Maria Hollweck

CS Student, University of Regensburg

Location: Regensburg, Germany

"I was already sitting at the table. I decided to sit ON the table during our next meeting to get their attention."

I am a proud woman in tech. I have been coding since I was 13 years old, and I have grown more and more passionate about how to use technology to create a social impact. I started to work as a Software Engineer when I was 16, where I was shocked to see that I was only the second woman in our software team. Being a woman in tech has a lot of benefits, but it’s also very challenging.

In group projects, I often ended up working on all-male teams. Some of the students didn't know that I had already been coding for years, and many of them treated me like “the wannabe tech girl.” I always had to convince them that I had the technical skills and that I knew what I was talking about. Still, I wondered: could I speak up when I didn't  understand something without being judged as “the girl”?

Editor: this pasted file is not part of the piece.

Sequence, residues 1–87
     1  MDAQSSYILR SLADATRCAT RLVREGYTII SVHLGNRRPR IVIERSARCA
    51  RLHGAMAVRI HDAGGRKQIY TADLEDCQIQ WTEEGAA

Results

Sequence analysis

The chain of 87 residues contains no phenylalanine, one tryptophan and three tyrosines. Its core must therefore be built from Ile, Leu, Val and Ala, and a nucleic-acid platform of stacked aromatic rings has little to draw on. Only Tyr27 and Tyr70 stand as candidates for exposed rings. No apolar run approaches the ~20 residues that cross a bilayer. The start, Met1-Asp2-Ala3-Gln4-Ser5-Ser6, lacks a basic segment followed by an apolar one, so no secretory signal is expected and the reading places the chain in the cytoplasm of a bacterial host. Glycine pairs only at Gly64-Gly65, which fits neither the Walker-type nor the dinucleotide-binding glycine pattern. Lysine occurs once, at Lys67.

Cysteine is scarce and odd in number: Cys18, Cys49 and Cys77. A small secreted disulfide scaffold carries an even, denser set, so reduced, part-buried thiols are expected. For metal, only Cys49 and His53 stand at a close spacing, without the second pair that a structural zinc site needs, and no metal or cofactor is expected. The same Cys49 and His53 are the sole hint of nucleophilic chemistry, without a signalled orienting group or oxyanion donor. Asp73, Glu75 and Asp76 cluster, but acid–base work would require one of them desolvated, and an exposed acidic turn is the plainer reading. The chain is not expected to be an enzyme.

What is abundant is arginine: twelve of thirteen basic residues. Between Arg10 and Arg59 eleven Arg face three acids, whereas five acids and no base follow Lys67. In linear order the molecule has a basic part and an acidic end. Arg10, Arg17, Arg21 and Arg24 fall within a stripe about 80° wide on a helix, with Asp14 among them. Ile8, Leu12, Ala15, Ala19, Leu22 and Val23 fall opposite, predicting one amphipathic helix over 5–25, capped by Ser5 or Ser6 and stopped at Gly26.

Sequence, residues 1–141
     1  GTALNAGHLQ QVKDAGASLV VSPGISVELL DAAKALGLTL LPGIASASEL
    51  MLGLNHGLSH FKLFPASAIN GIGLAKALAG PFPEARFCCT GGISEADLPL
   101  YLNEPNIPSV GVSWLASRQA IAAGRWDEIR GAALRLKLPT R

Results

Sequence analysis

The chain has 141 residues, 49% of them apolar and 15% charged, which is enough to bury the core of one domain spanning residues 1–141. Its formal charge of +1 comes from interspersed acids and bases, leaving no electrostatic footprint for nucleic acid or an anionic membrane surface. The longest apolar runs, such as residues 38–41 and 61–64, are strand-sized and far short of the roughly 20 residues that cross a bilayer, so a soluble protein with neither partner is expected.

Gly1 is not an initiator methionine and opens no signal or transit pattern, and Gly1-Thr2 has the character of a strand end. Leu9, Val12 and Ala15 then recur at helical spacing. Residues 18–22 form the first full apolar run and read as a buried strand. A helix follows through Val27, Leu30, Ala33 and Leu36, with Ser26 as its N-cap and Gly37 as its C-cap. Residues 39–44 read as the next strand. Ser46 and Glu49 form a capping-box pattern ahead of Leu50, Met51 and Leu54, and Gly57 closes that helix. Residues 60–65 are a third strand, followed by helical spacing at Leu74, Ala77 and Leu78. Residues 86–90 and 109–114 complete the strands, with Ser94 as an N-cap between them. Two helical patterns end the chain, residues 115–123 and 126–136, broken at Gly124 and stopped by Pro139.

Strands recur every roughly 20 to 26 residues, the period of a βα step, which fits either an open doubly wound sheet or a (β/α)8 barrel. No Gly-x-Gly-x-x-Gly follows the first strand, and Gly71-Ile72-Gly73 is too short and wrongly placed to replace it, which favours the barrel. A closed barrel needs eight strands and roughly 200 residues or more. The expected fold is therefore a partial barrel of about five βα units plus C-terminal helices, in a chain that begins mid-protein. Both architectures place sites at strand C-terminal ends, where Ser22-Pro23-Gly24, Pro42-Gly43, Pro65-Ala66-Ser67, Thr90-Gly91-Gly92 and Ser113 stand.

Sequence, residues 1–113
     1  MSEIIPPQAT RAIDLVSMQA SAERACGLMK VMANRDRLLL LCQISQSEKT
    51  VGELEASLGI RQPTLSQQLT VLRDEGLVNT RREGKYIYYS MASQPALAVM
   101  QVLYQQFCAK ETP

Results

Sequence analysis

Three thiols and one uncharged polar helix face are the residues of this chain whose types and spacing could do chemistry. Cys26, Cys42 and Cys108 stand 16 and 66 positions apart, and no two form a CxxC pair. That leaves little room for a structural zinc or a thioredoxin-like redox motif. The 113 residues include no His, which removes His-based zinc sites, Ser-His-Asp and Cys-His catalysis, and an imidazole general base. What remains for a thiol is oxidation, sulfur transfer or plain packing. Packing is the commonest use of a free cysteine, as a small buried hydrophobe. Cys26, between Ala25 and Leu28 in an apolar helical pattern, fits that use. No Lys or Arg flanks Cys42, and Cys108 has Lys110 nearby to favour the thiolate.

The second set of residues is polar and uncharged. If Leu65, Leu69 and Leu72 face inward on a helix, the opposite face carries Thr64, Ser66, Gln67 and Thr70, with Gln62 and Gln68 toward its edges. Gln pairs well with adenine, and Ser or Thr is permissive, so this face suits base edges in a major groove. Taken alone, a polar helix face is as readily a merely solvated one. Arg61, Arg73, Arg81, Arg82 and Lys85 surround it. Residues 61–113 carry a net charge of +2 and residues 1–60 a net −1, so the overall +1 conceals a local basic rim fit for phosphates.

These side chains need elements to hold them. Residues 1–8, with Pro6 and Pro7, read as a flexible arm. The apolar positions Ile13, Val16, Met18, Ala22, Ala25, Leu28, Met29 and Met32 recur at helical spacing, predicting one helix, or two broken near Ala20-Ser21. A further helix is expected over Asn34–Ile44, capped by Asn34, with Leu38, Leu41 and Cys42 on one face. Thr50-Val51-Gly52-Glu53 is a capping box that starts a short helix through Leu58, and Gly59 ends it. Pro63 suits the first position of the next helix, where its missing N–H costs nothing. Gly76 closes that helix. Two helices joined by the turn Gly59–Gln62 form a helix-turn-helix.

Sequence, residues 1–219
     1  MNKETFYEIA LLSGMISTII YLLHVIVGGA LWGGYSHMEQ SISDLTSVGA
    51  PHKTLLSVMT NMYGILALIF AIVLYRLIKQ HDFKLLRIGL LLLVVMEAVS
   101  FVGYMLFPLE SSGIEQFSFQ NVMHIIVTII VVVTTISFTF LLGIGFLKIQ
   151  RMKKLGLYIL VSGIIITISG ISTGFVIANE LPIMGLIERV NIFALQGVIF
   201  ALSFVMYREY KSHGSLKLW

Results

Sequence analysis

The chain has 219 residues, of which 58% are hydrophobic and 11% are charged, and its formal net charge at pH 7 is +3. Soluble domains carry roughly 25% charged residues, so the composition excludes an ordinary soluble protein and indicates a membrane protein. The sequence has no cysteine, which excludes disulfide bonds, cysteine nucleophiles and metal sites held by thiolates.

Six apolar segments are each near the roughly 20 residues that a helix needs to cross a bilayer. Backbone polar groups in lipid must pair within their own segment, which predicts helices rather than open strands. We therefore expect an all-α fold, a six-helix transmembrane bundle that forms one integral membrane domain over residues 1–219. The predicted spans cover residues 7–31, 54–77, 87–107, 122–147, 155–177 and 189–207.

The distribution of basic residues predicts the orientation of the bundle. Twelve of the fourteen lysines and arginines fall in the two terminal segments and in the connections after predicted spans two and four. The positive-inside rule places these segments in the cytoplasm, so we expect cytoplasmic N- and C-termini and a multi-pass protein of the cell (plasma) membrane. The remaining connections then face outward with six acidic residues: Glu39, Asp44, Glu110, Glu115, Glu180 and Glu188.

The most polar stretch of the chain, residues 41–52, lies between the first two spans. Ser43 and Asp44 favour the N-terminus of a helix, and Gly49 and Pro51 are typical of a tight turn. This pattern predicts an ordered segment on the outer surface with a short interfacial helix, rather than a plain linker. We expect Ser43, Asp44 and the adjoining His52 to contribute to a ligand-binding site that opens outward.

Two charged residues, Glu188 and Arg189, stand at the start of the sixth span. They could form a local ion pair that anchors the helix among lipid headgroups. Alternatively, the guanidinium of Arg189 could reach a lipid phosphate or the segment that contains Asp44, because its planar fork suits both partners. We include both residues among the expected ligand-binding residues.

During project meetings it was hard for me to get their attention when I wanted to add something or make a point. I was sitting with them at the table, but they never treated like the leader that I wanted to be. So I tried something different. Instead of sitting at the table, I decided to sit on the table during our next meeting to get their attention. It might sound crazy, but it gave me the confidence to tell my team what I thought. I felt so much more powerful when I was sitting on the table. I finally felt like people were listening, and that I was recognized as a real team member with things to say.

I continued sitting on the table -- even in classes when we had group discussions with the professor -- and I always got the respect that I wanted to get. Furthermore, I also had the experience, that the people around you will see you as a natural leader when you’re sitting on the table - which is great because I’m always interested in improving my leadership skills.

I encourage all women who are working in a male-dominated field to try this. Even if it feels bold or unusual, it will bring a lot of confidence and a new perspective to team discussions.